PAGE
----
March Lesson: Texture
Texture, along with line, shape, value and color, comprise the Elements of Design, the building blocks of visual design and communication. Texture is the perceived surface quality of an object and can be actual or visual.
Printed fabrics (left) provide a visual texture. Actual texture (right) is seen in smooth silks, woven jacquards and brocades, hand knit fabrics, lace trims, woven linen and quilted cottons.
This exercise in visual texture uses various shapes to create a composition. Visual textures are created by the patterns printed on the paper shapes.

Continuing Education: Collect a variety of different fabrics (ie. silks, satins, velvet, burlap, wovens, etc.), threads and embellishments in neutral, white or beige. Create a small composition with these fabrics, concentrating on the use of texture. You can use a small piece of batting, felt or muslin as the base. Feel free to alter the texture of any of the fabrics by scrunching, folding, needle felting, etc. Use hand and/or machine stitching to embroider, stitch or quilt the piece. Add embellishments, if desired, to create additional texture. Add this composition to your 3-ring notebook or sketchbook.

February Lesson: Balance and Symmetry
Balance is the distribution of the visual weights of the components and units in a quilt to achieve a state of visual equilibrium and a sense of harmony in the design. Symmetry is the regular arrangement of similar parts in a predictable pattern. Asymmetrical compositions can be balanced but may employ other design elements such as color, scale and value to achieve balance. These visual Design Principles appear in quilts—in the construction, block design or the overall layout.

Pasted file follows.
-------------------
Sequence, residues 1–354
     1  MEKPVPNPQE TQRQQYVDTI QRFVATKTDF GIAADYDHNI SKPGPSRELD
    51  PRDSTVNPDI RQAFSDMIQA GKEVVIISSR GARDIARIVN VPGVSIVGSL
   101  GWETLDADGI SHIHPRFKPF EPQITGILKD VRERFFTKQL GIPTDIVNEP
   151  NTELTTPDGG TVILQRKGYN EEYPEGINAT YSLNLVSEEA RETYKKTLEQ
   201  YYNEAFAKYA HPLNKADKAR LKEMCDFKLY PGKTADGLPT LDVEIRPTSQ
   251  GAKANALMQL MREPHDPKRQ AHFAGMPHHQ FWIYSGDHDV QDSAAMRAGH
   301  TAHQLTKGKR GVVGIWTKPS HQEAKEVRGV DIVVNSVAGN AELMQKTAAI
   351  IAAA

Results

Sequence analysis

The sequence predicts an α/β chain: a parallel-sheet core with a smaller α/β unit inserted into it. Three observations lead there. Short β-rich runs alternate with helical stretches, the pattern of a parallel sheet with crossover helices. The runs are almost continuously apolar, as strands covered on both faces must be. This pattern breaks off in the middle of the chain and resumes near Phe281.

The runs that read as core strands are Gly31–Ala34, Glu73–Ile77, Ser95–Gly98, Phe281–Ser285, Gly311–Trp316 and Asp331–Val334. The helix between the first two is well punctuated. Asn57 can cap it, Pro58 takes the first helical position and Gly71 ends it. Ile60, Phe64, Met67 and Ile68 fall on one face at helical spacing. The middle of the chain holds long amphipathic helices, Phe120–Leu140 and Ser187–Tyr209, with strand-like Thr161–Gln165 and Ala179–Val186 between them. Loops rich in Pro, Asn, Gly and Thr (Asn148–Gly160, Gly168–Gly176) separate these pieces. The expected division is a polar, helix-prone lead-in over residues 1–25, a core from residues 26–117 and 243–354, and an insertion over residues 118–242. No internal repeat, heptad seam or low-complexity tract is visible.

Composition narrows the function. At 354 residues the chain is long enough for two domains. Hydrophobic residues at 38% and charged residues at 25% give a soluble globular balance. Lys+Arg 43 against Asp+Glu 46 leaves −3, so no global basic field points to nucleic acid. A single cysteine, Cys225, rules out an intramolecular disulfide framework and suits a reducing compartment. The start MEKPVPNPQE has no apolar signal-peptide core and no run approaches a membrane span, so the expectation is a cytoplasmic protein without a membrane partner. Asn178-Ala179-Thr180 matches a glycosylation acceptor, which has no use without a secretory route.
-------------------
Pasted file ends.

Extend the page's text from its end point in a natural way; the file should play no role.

Asymmetrical composition using scale and placement to create a balanced layout.
Compositions using only black and white values.
Examples of horizontal axis Mirror Symmetry (left) and Crystallographic Symmetry (right) found in quilts.
The Critique Process allows us to use the vocabulary of design to analyze, interpret and discuss quilts.

Continuing Education: Read Chapters 1 and 2 and "The Critique Process" (p. 11-12) in the textbook. Do the Assignment on p. 18 using fabric or paper. Choose a convenient size for your compositions: a standard 8-1/2" x 11" paper size or a size that fits easily in your sketchbook or 3-ring notebook. Experiment with different types of symmetrical balance and asymmetrical layouts.

January Lesson: "Learning to See Again" 
Stretch and tone those right-brain muscles with contour drawing and word association exercises. Find inspiration for your quilting anywhere. Begin a reference library of doodles, drawings and sketches that can be used for applique, block patterns, quilting designs, and innovative or free-form piecing.
Contour drawings
Word association exercise. A study in line, shape, movement and line as texture.
Continuing Education: Read Chapter 6 in the "Fearless" textbook. Do the Creativity Exercise (p. 57) in your sketchbook. Practice contour drawings and word association exercises to strengthen right brain abilities.

Fearless Design for Every Quilter: Traditional & Contemporary 10 Lessons Creativity & Critique
The Choo Choo Quilt Guild is launching a program in 2011 called "Inspirational Quilting: Uncovering the Quilter within." The goals of the yearlong program are to provide opportunities for growth, creativity, experimentation, learning and critique, and to define terms and provide a "language" by which we can discuss our quilts and quiltmaking processes.

The book,"Fearless Design for Every Quilter," by Lorraine Torrence and Jean B. Mills, will be used as the program's textbook for assignments and reference.

Monthly meeting activities and lessons will cover topics such as:
::  tapping into the right side of the brain
::  finding inspiration
::  the Elements and Principles of Design
::  piecing, threadwork, and embellishment
::  binding and finishing
::  the value of positive feedback and critique.

The topics and concepts discussed apply to traditional and contemporary quilts.